In 1989, he became just the sixth player in NCAA history at the time to run and pass for over 1,000 yards in the same season, finishing, as just a sophomore, fifth in the balloting for the Heisman Trophy. He established the school record for total offense with 5,808 yards (broken three years later by Kordell Stewart), and is one of two players ever at CU to amass over 2,000 yards both rushing and passing along with Bobby Anderson. He was a two-time all-Big Eight performer, and the league's offensive player of the year for 1989 when he also was afforded various All-America honors. He still holds several CU records and was the school's male athlete-of-the-year for the 1991-92 academic year.

In 2002, he was a member of the fourth class to be inducted into CU's Athletic Hall of Fame, and his jersey (No. 3) is one of several to have been honored.

Hagan played for Toronto, Las Vegas and Edmonton over the course of five seasons in the Canadian Football League, mostly as a defensive back and special teams performer. He returned to CU to earn his diploma just prior to his last professional season, and graduated with a bachelor's degree in sociology in May 1996. He was hired later that year (December 1) as the Alumni C Club Director, a position he held for 16 months until leaving for an incredible opportunity in private business.

He was born February 1, 1970 in Lynwood, Calif., and graduated from Los Angeles' Locke High School in 1988, where he lettered in football, basketball, baseball and track. He was drafted in two sports, football (by San Francisco in the fourth round in the 1992 NFL Draft) and baseball (selected as a shortstop by both Seattle and Toronto). He is the father of one son, Darian, Jr. (16).

Former Norfolk State football coach Willie Gillus has landed on his feet in Canada, where he’s been named an assistant coach for the Winnipeg Blue Bombers of the Canadian Football League.
But Gillus said he still plans legal action against the school for firing him in December for alleged NCAA violations.

''I’m still full steam ahead on that,’’ Gillus said in a phone interview from Winnipeg. ''I’m not letting it go.’’
Gillus, who was let go by the Spartans with two years remaining on his four-year contract, will coach quarterbacks and running backs for the Blue Bombers.
''It’s a great opportunity to move into professional football,’’ Gillus said. ''The college game is my love. But I couldn’t pass this up.’’
Gillus played five years in the CFL from 1987-91, and was a member of Toronto’s 1991 Grey Cup championship team. During his time as an offensive coordinator at Virginia Union, Gillus spent his offseasons serving as a regional scout for the CFL’s B.C. Lions from 1999-2002.
With the Blue Bombers, Gillus joins the staff of second-year head coach Jim Daley, who guided the team to a 5-6 record after taking over in mid season. Winnipeg was 1-5 when Daley arrived.
Norfolk State contends that since it fired Gillus ''with cause,’’ it does not have to pay him the remainder of his contract.
Gillus declined to elaborate on legal action over his firing at Norfolk State, referring further questions to his attorney.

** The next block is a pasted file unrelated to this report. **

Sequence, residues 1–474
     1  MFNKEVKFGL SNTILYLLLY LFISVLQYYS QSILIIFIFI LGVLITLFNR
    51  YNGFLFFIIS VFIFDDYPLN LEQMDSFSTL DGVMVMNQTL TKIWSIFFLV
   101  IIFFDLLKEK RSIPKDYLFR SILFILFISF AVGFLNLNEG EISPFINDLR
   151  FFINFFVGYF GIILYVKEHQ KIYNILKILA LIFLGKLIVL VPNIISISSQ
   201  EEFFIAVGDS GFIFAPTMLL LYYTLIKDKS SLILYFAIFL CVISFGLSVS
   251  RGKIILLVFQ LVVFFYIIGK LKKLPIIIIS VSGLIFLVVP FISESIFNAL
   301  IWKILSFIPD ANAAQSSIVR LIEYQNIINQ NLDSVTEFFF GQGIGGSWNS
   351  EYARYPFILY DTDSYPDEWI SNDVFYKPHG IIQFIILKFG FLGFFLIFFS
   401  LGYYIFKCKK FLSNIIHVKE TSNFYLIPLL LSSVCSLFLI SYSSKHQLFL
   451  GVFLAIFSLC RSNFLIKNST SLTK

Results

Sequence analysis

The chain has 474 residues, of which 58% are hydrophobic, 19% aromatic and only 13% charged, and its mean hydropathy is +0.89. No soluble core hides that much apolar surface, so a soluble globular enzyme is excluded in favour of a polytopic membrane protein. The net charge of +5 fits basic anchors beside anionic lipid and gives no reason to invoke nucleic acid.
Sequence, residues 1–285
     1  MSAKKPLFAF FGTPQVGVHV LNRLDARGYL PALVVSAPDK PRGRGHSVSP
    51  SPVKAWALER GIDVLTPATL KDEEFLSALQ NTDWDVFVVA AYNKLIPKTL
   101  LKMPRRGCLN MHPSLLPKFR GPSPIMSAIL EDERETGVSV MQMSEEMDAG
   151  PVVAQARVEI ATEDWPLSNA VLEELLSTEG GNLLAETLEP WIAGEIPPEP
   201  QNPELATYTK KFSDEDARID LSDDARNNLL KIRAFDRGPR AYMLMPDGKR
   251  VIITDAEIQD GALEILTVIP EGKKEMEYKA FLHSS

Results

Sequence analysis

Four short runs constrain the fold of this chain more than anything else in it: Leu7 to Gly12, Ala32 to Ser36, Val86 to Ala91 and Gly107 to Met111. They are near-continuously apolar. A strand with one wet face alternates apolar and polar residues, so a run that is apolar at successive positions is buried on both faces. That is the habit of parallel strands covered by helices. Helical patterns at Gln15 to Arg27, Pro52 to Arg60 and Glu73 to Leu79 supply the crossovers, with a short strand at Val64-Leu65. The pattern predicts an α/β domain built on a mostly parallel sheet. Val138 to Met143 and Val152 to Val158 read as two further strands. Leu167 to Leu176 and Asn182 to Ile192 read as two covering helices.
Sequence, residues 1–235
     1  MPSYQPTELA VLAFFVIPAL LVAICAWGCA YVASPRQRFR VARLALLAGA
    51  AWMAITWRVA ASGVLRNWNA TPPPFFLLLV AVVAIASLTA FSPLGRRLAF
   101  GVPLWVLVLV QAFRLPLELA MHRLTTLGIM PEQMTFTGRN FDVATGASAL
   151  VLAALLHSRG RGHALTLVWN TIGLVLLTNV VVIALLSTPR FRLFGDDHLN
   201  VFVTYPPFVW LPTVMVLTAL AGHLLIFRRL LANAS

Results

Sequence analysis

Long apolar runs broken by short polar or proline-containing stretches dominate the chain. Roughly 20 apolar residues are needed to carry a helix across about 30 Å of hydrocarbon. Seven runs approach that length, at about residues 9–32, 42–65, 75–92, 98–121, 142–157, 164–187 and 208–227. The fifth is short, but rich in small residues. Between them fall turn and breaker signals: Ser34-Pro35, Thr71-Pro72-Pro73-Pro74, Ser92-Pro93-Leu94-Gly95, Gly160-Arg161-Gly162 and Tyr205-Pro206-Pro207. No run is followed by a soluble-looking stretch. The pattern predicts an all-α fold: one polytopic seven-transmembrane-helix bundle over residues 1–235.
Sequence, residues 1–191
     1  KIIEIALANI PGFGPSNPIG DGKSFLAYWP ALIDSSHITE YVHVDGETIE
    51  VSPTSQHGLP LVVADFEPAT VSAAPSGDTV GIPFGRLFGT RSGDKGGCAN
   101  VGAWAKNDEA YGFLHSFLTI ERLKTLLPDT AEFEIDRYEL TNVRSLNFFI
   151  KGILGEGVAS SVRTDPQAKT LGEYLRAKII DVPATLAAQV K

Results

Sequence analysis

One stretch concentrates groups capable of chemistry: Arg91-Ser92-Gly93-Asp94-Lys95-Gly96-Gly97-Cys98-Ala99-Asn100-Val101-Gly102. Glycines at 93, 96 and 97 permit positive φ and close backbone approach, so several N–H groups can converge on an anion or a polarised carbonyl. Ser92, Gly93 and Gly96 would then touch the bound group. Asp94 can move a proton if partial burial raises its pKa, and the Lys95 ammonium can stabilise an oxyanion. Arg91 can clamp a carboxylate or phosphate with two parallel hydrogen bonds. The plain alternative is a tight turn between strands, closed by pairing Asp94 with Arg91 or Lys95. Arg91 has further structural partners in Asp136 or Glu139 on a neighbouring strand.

Gillus’s lawyer, Christian Connell, said he also would not comment at this time

Anthony Calvillo won't have to deal with questions this season about his future with the Montreal Alouettes.
The Alouettes have scheduled a news conference for Thursday afternoon when they will announce that they've given the 11-year veteran quarterback a contract extension, league sources requesting anonymity told The Canadian Press. Calvillo, a finalist for the CFL's outstanding player the last three years - winning in 2003 - was scheduled to become a free agent after the 2005 season.

Tuesday, February 08, 2005

The Calgary Stampeders have re-signed John Grace, keeping the all-star linebacker in-house rather than losing him to free agency.
"I've never had an opportunity to play the same defence two years in a row," said Grace. "Throughout my career I've always had a clean slate and had to come in and learn new a new defence and play well on the field." The 27-year-old was named defensive player of the week four times last year, his first season with Calgary after playing for Ottawa and Montreal. He was also the Western nominee for defensive player of the year, losing to Montreal's Anwar Stewart.
A decision by the new ownership of the Stampeders to retain the services of defensive co-ordinator Denny Creehan was the big reason for Grace remaining with the Stamps.
"Coach Creehan was a big influence on me coming back. It definitely would have changed my mind if he wasn't," said Grace. "I would have had to learn a new defence anyway so I would have said let's see what's out there."
Getting the linebacker back in the Stampeder stable was a big priority, said Creehan.
"That means the entire front seven now returns intact," Creehan said.
The Stamps also added two new assistant coaches: Bill Diedrick (quarterback and running backs) and Tim Burke (secondary coach).
Diedrick comes from Notre Dame, and will serve as a volunteer since the Irish, who have revamped their coaching staff, will continue to pay his salary.
"I think you always start with fundamentals. You're trying to make the guy that much more efficient in what he does well," said Diedrick, who was an assistant with the Edmonton Eskimos in 1991.
"With a quarterback position you've got to be a winner-number one - and you've got to be able to take your team to the dance and win the dance," he said.